The art of digital t-shirt printing

The art of printing on non-textile
October 23, 2016
What is the direct to garment (DTG) process?
October 23, 2016

The art of  digital t-shirt printing  starts long before shirts, screens and ink converge on the production floor. It all starts by getting what’s in your head onto your computer screen in a way that is usable. Just like every other successful endeavor, planning is the key element to creating good art that can be reproduced on a t-shirt.

I can’t recall how many times that customers have presented to us the most beautiful art that just can’t be reproduced effectively because of poor planning or the lack of understanding for the printing process. The first thing to understand is that not everything on your monitor can be reproduced exactly on a custom t-shirt or any other medium for that. Computer monitors are viewed in RGB (red, green, blue) color mode. Your computer screen is also backlit. T-shirt printing is done in the CMYK (cyan, magenta, yellow, black) color mode. RGB color pallets are in the millions of variations. CMYK has a limited gamut which results in a narrower color pallet. Many RGB colors appear “out of gumut” in the CMYK environment, meaning they can’t be reproduced exactly. This is because some of the RBG colors are out of the range of colors available within CMYK. Good examples of this are certain purples and maroon.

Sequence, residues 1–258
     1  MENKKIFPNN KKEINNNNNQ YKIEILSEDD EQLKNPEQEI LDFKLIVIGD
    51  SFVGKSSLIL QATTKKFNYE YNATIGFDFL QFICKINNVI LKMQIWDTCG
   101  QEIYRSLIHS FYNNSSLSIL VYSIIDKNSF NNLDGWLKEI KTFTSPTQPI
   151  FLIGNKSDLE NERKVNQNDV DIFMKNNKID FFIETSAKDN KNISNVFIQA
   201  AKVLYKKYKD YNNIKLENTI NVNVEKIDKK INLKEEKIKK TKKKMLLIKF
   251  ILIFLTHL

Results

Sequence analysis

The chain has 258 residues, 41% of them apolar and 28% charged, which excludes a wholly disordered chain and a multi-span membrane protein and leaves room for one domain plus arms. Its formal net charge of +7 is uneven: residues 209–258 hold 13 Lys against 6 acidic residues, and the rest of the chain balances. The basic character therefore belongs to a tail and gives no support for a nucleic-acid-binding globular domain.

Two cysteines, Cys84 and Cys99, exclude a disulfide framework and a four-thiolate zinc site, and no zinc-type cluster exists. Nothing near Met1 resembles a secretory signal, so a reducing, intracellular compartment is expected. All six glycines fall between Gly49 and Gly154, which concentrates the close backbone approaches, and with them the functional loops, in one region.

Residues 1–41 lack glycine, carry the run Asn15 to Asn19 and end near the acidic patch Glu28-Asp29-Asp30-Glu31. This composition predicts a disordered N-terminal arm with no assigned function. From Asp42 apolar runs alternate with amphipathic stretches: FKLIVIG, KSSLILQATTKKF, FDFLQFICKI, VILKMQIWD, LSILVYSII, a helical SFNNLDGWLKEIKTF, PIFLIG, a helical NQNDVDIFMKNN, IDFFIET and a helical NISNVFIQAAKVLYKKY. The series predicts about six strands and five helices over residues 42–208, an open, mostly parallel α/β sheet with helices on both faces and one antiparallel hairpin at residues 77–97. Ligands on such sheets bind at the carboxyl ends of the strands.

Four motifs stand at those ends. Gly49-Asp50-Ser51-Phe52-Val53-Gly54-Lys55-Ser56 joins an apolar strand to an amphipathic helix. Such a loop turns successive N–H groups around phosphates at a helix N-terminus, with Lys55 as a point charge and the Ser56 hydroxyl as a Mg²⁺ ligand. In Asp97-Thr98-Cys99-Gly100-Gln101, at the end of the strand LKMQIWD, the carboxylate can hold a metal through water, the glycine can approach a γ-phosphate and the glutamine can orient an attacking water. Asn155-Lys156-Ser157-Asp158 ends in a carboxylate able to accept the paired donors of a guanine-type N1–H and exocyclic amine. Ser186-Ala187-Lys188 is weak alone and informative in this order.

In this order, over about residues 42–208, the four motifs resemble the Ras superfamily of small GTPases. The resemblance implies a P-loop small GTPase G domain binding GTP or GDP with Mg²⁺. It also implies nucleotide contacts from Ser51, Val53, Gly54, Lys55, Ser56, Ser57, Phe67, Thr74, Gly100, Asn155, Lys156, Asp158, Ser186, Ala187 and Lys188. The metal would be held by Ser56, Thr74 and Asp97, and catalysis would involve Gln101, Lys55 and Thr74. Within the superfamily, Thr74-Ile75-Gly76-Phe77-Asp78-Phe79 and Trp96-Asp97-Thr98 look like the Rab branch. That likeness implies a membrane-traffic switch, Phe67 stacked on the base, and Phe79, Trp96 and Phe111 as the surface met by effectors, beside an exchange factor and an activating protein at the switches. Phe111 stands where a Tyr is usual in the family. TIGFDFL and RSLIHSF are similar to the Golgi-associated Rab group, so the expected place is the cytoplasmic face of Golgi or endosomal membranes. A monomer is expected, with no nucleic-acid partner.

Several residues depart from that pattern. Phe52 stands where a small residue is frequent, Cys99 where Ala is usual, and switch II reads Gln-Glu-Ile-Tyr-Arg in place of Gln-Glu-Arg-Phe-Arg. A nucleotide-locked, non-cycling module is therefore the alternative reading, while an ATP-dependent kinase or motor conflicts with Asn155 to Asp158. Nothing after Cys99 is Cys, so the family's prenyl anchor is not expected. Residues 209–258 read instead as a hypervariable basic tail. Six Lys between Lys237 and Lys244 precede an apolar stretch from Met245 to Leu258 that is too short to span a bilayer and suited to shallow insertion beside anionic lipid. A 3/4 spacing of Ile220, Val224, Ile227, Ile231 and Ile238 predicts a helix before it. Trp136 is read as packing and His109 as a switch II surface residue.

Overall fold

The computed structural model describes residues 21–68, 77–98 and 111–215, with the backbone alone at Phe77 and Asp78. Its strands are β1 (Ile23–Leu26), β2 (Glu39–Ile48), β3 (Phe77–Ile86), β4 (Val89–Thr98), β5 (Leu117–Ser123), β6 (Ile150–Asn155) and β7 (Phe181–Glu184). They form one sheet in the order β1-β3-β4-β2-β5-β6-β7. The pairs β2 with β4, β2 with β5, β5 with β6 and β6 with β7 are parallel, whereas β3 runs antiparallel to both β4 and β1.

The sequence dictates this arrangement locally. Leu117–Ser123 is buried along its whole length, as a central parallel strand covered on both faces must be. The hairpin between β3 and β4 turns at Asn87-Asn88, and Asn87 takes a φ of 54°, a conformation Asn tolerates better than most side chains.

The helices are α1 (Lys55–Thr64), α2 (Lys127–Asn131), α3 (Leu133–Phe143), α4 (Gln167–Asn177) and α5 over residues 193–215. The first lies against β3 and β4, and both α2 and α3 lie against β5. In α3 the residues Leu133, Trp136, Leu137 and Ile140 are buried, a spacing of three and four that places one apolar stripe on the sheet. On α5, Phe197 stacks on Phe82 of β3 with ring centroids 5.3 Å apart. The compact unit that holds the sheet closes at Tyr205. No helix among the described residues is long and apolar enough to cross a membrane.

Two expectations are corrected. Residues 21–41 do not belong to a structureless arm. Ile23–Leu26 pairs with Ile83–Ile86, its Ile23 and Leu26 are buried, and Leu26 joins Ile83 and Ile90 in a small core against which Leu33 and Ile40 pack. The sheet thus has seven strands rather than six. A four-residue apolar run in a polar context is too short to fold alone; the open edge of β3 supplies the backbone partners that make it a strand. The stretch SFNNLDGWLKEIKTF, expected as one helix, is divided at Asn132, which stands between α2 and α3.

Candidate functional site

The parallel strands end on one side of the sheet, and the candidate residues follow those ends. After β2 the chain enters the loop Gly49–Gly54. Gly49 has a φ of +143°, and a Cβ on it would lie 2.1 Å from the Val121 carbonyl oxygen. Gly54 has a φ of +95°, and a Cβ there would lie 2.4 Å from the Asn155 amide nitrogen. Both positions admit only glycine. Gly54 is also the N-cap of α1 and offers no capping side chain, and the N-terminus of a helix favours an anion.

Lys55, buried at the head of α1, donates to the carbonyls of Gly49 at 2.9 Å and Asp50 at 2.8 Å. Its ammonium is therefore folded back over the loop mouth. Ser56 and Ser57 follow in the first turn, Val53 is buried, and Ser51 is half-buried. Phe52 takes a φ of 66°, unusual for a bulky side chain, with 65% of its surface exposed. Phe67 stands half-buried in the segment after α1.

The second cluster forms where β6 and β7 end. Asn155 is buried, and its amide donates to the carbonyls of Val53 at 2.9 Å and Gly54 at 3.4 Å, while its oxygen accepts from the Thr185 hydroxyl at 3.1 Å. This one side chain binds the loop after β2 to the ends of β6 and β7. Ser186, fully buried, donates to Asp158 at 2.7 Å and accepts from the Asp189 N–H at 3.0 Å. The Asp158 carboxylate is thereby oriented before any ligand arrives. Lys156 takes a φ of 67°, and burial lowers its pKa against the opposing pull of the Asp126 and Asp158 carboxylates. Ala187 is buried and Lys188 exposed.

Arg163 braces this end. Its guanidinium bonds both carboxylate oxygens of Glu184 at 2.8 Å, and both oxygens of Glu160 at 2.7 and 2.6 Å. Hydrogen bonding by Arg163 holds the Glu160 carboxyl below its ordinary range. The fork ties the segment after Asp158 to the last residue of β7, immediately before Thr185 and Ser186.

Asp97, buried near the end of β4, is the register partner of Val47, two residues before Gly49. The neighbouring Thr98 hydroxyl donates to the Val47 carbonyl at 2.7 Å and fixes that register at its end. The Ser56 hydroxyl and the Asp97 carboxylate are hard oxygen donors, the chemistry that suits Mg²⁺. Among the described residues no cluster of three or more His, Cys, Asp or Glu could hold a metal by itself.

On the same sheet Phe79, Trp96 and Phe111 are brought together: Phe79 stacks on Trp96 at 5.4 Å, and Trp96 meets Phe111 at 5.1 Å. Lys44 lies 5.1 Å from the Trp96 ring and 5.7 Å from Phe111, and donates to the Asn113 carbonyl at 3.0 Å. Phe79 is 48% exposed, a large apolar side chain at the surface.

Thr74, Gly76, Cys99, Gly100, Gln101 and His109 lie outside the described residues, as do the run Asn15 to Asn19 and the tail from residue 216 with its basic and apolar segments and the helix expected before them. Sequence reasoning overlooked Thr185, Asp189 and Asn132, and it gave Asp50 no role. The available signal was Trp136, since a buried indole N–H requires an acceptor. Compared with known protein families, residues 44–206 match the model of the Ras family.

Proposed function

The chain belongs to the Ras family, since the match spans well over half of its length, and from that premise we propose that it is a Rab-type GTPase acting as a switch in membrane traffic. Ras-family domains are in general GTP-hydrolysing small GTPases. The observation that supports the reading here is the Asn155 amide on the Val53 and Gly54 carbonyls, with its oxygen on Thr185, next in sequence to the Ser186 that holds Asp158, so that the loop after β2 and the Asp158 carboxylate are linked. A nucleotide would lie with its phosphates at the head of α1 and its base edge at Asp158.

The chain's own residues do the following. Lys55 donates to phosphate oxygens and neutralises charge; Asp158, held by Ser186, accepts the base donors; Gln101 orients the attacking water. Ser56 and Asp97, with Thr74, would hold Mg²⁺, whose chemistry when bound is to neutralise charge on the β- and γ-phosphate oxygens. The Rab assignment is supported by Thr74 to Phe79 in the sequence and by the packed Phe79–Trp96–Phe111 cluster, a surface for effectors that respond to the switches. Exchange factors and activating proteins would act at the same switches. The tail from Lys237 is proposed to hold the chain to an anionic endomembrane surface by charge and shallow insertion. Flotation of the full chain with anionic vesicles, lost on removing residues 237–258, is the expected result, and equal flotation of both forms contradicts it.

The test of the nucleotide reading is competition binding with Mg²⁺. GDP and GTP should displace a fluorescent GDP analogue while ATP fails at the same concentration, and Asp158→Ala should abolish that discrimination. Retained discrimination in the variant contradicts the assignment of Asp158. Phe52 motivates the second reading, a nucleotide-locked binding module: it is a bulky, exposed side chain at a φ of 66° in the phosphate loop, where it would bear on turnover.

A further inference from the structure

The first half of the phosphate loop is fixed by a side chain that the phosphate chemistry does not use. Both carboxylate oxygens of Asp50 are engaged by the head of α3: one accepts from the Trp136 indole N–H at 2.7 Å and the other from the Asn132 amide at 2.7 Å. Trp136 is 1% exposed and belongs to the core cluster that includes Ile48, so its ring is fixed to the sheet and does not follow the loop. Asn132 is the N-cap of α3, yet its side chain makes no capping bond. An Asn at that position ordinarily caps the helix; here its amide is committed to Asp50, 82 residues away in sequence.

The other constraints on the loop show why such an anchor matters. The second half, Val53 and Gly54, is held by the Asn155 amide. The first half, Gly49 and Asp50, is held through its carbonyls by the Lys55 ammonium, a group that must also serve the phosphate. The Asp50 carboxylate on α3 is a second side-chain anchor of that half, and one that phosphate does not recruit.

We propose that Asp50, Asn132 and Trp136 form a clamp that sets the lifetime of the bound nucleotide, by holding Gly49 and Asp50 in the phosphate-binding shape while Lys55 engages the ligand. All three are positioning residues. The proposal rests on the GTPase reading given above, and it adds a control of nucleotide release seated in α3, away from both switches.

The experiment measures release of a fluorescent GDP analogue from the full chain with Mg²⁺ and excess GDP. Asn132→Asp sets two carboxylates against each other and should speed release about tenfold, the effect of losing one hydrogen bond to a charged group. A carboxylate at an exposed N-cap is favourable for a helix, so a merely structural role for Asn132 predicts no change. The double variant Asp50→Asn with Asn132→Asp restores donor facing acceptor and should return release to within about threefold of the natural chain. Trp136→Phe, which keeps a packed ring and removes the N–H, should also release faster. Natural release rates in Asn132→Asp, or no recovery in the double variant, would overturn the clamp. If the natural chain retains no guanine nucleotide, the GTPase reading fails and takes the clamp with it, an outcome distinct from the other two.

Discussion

Please remember that all t-shirt printing, including off-set printing and digital printing of any kind is done in CMYK. The best solution to this problem is to always make sure your color space is set to CMYK. Be aware that not all software applications allow users to create in an editable color work space.